Statement by Defence for Children International on the Human Rights of Children in Migration Situations

Today, many children leave their homes to find a place where they can live peacefully. Sometimes, they travel accompanied by their parents or relatives[1]. Sometimes, they travel alone, hoping to meet their basic needs and human rights or trying to take a lead role – in spite of their young age – in helping their family improve its living conditions. Along the way, they face considerable risks and are all too often subject to human rights violations in their country of origin, transit and/or countries of arrival.

Countries in which children seek refuge are all states parties to the UN Convention on the Rights of the Child, as well as the three Optional Protocols on the sale of children,child prostitution[2] and child pornography, on the involvement
of children in armed conflict, and on a communications procedure.

It is therefore essential, in light of the numerous reported violations of children’s rights and recent agreements authorizing countries to send asylum-seekers back to places of origin or of transit, to recall that the human rights of migrant, refugee and asylum-seeking children are to be guaranteed at all times.

In order to stop adding to the on-going traumatic experiences that children in migration situations face, and in order to prevent new ones, DCI feels the need to reiterate the following:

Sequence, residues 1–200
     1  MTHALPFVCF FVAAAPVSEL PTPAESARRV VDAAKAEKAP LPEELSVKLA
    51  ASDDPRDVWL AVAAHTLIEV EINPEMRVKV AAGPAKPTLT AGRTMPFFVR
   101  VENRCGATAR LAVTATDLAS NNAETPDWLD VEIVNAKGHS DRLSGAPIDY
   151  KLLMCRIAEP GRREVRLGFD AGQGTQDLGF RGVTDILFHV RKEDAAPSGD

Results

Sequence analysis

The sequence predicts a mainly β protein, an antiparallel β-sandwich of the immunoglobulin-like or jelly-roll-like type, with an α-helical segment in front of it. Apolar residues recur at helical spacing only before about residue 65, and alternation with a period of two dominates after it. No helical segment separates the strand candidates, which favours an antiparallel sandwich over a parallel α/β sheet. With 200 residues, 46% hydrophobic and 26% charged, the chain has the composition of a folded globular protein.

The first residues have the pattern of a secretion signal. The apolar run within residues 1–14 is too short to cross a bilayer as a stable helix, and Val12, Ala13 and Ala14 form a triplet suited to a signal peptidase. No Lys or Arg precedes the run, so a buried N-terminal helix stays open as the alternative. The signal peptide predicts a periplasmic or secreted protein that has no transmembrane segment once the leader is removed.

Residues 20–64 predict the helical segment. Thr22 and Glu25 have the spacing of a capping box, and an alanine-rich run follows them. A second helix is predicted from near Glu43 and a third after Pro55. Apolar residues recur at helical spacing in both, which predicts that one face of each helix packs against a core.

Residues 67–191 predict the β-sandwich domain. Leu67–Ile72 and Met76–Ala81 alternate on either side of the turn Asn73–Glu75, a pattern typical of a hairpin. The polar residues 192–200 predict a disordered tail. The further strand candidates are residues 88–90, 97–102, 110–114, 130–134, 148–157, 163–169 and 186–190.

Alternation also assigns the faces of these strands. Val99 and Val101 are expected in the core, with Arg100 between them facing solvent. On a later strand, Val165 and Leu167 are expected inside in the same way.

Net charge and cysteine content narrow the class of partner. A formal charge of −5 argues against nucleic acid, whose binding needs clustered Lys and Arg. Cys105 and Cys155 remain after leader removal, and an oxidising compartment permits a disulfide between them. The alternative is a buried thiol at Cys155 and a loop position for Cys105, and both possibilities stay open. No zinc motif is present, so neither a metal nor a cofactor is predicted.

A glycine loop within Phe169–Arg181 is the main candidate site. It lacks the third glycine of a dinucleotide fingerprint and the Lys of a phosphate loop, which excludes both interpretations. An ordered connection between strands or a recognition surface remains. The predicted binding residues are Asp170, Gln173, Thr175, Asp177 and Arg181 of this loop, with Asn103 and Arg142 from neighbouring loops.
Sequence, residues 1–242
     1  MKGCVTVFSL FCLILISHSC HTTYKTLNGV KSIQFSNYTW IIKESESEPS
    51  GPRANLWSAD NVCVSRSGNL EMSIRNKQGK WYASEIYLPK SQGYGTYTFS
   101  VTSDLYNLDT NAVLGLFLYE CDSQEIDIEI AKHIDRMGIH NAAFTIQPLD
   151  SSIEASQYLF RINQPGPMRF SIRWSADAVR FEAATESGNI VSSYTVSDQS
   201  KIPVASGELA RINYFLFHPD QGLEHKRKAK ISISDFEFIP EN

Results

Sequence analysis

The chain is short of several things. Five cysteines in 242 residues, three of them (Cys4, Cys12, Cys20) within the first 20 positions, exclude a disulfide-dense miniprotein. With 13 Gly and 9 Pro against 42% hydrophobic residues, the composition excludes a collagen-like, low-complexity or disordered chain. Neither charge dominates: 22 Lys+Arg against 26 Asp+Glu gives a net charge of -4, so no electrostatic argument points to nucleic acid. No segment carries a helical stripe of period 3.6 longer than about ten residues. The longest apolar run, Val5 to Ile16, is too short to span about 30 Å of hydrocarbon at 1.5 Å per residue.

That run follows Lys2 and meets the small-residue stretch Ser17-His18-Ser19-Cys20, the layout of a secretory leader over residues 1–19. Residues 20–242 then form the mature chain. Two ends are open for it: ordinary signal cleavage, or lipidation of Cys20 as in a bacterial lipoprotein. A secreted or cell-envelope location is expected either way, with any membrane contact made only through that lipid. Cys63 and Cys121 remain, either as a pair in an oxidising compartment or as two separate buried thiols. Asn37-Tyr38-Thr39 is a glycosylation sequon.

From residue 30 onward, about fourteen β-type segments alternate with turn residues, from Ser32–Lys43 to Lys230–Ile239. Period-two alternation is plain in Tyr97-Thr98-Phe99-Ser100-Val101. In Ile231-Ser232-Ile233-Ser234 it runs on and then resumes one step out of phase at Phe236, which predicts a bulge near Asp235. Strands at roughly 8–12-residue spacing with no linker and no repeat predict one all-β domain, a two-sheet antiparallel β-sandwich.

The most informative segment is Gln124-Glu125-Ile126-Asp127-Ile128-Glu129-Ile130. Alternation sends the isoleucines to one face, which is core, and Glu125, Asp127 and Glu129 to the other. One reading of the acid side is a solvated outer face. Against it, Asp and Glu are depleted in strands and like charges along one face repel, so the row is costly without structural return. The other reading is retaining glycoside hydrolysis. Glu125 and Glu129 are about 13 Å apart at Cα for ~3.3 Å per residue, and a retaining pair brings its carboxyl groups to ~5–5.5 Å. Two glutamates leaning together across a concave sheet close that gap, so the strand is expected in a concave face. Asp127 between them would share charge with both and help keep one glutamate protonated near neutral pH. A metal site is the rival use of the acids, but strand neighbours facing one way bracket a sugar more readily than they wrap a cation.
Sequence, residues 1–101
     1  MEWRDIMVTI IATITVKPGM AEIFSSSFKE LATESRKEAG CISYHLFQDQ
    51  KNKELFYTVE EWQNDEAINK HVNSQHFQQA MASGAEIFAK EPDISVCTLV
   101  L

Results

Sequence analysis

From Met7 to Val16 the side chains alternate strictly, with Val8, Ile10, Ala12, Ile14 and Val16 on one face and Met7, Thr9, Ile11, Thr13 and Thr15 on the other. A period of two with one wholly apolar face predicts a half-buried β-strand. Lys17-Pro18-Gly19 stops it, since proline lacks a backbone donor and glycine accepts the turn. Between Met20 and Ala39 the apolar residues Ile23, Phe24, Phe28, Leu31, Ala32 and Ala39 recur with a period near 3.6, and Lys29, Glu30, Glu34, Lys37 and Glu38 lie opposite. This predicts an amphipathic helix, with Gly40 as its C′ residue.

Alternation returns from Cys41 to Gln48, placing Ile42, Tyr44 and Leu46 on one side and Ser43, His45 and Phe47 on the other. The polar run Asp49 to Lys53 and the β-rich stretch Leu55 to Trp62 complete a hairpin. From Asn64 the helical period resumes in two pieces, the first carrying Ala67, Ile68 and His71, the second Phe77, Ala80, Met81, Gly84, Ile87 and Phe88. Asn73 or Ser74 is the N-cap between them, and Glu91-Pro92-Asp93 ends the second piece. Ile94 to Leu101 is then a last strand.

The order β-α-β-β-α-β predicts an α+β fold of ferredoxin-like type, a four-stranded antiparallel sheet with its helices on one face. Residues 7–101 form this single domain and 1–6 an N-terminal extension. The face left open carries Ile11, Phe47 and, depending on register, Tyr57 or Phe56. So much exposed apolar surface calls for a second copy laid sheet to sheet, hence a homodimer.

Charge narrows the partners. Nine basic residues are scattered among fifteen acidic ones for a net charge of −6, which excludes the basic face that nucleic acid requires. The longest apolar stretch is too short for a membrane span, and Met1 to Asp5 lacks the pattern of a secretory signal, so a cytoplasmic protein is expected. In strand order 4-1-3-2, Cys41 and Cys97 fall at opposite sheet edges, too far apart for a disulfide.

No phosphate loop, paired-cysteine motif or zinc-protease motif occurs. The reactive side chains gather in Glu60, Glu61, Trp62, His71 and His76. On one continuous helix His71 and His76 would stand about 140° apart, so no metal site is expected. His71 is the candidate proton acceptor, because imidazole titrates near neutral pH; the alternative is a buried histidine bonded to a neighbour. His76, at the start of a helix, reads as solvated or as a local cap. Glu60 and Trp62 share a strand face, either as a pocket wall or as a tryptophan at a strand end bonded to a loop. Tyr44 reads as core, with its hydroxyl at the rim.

• States are obligated to uphold the individual and collective human rights of children in migration situations and must provide them with special protection, taking into account their specific vulnerable situation;
  • Children’s rights must be respected, independently of the child’s individual characteristics and cultural and religious practices and beliefs;
  • Children in migration situations must enjoy their right to education, right to health and right to live in adequate  conditions, including adequate and dignified shelter, under the same conditions that national citizens would;
  • Children’s right to express their opinion and to participate must prevail in all decisions and proceedings concerning their lives;
  • Immigration and asylum-seeking procedures must prioritize children, whether they are accompanied or not;
  • States must favour family reunification in countries and under conditions that can guarantee children’s dignity and development;
  • Unaccompanied children must be provided with alternative care support, including facilitation to access education;
  • Families and unaccompanied children shall never be deprived of liberty based on their migration status[3];
  • Children must be registered as such upon arrival; if doubt is raised on the age of the child, the benefit of the doubt must always be given to the child;  should authorities need to verify identity documents in possession of the child, dental and X-ray examinations cannot be used to determine the age of the child given their lack of scientific reliability;
  • In line with the “duda in dubio pro reo[4] principle, and articles 3, 5 and 12 of the UN Convention on the Rights of the Child, the best interests of the child must prevail in all proceedings;
  • Children are entitled to free legal assistance and access to a lawyer, preferably a lawyer specialized in child rights, in all types of proceedings;